Fully Illustrated’s mud-soaked scrolling beat-'em-up hearkens back to a simpler time of high scores and roast chicken health pick-ups. It's a throwback to a beloved genre with a cartoon aesthetic and historical setting. It's not unique, but visceral action, a charming art style, and loving adherence to period lore sets this title apart from its peers.
A gravel-voiced narrator spins us a tale of turmoil in 120AD Britain. As the Britannic hordes try to push back the Roman occupation, three warriors lead a rebellion against Emperor Hadrian’s forces and the local tribes he’s twisted over to his side. It’s a setting that feels distinct, the bloody conflict of this era isn’t something that shows up much in games. Last year's Hellblade: Senua’s Sacrifice showed us a Pictish barbarian fighting the undead Viking hordes, but that was centuries after Hadrian-era Britain. Wulverblade presents a more grounded and historically mindful depiction of British history. There’s a wealth of well-curated learning materials in the game’s extras menu and it’s clear that the development team revelled in the subject matter.
A classic scrolling brawler at heart, Wulverblade recalls the chunky and vibrant action of Castle Crashers, itself an affectionate homage to the likes of Streets of Rage and Double Dragon. The story mode is a linear slaughter through a series of stages and boss fights. Combat is simple yet satisfying, with dodge mechanics that trigger brutal and cinematic counters.
The three main characters share a basic set of canned combos, but each strikes a balance of attributes to suit different play styles. Caradoc is an all-rounder, with a decent amount of speed and power. Brennus is a tank who can pulverize enemies in one fell swoop, but he lacks speed and finesse. Guinevere – by far the most fun of the three – is weak but quick and agile. All fighters have a basic dash that can be used to dodge or rush the enemy, as well as a block that can prime some satisfying counters. A berserk meter fills with each attack, which when full can trigger a rage that increases speed and tops up health for a small period. Finally, a special ability calls upon a pack of ravenous wolves to clear the screen of enemies.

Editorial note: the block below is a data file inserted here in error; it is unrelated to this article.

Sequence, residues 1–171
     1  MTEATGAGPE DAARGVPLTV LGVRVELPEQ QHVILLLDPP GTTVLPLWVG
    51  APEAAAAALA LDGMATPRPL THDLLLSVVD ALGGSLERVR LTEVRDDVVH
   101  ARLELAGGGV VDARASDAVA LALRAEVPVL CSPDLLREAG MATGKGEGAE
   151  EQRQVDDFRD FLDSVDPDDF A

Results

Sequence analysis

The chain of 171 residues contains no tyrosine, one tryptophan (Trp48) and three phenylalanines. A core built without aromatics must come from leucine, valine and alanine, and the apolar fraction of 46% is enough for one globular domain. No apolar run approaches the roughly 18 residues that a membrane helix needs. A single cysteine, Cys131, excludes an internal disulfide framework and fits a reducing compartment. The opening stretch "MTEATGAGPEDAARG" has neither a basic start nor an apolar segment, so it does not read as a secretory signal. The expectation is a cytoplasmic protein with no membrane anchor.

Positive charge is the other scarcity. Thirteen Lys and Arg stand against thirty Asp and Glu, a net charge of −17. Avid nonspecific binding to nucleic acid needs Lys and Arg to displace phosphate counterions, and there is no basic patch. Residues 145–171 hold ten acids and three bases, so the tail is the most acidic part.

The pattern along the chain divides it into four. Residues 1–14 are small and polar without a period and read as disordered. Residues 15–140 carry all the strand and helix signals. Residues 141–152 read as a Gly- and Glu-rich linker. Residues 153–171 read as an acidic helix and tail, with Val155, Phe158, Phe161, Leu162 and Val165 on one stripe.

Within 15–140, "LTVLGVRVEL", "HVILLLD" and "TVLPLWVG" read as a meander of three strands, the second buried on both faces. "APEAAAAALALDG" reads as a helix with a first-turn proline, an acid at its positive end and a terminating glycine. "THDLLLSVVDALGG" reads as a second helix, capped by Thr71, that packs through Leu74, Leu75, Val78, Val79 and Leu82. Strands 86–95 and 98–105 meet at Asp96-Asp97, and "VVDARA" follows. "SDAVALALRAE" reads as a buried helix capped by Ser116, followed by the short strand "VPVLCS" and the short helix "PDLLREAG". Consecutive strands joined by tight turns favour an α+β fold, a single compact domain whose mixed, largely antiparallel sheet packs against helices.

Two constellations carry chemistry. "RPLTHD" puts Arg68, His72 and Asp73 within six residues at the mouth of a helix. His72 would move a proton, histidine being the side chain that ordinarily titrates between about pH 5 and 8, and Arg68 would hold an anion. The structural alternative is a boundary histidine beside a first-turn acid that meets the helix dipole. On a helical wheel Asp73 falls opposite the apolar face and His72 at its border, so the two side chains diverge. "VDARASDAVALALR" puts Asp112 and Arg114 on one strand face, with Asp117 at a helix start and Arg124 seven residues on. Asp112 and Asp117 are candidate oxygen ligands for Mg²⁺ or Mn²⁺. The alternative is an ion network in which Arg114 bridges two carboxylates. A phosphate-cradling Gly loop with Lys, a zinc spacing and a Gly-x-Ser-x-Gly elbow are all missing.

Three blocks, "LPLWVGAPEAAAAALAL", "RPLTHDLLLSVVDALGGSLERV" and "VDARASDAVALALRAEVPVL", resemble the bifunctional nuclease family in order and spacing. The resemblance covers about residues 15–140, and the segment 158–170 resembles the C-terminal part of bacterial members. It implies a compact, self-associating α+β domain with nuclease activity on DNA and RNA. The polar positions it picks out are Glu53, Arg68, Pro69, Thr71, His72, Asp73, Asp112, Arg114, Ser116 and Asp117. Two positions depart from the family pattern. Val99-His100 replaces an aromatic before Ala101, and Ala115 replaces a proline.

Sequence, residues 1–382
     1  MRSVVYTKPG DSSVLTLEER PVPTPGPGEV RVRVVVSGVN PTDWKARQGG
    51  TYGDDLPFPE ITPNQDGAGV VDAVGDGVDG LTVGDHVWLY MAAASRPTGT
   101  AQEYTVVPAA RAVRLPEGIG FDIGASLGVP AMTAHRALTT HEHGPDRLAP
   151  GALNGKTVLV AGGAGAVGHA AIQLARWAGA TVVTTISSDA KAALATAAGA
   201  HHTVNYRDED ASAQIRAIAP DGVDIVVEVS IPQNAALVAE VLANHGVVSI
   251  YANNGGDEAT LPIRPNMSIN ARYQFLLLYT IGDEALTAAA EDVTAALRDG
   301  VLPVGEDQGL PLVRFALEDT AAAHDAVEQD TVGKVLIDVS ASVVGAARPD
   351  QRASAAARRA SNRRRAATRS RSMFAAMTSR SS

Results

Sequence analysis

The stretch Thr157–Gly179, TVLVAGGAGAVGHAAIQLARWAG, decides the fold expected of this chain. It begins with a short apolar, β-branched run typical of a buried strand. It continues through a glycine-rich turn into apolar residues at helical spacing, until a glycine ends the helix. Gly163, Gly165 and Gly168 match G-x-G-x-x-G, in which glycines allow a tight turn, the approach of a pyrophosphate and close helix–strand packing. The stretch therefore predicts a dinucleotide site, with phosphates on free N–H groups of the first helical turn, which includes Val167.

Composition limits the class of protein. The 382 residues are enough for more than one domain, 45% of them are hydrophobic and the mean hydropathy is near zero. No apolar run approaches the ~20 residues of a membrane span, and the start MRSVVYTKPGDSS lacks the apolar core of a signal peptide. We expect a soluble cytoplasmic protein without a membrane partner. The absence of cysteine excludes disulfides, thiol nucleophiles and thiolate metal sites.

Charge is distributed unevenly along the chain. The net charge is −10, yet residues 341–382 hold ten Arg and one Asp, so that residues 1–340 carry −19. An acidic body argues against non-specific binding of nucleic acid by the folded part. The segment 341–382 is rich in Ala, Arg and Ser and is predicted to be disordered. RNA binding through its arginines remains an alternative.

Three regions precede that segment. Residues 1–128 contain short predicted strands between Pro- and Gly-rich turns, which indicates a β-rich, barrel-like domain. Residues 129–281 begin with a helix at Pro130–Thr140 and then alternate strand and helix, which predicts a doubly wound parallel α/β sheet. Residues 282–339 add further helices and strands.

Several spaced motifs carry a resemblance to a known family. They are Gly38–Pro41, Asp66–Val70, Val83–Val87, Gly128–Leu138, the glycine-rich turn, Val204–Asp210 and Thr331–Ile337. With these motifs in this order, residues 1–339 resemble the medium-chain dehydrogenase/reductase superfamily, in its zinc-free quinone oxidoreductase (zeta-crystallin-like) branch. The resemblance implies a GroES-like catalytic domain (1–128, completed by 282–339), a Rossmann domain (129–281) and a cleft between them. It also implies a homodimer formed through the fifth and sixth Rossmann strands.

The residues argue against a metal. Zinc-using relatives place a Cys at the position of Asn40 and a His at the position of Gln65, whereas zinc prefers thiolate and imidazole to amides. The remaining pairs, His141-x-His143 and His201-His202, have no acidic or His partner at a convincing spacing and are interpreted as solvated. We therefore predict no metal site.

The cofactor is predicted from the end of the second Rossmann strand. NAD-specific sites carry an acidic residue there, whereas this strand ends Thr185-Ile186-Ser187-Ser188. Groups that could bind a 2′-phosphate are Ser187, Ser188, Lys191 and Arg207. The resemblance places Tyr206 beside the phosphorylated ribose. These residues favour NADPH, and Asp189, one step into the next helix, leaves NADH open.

The combat is fun, surprisingly varied, and never really gets old. Enemy numbers can ramp up, and on higher difficulties it can feel a bit overwhelming, but it never feels unfair and sometimes a quick switch of character can be the change of pace required to get you over that difficulty spike.
There are problems, mostly with the weapon system. Your default weapon can be replaced on the battlefield, either with a temporary power weapon or a more permanent one that adds further combo options. The former never feels like it lasts long enough to be of much use and the latter is dropped when you’re knocked down. It’s often frustrating to have to worry about a pack of screaming barbarians and retrieving your fancy new gladius with the overhead slice attack. Then there are the thrown weapons, which feel weak and lack the weighty impact of almost every other implement in the game. Still, it’s fun to pick up a Roman soldier’s severed head and throw it at one of his friends.
Boss fights can be tedious, basic damage sponges with a suite of special abilities and a few enemy waves to make things harder. Most can be downed with some well-timed dodges and your character's berserker rage.
Outside of the main story is an old school arcade mode that sends you through the stages with limited lives. Elsewhere there’s an arena mode where you can take on waves of enemies and best online scores. To cap it all off there’s couch co-op, so you can relive those memories of jolly cooperation and not so jolly disagreement.
A fine addition to the scrolling beat-'em-up genre. The story and its historic backdrop is interesting and the combat is meaty and fun. Arcade and arena modes will keep you coming back for more, as will co-op.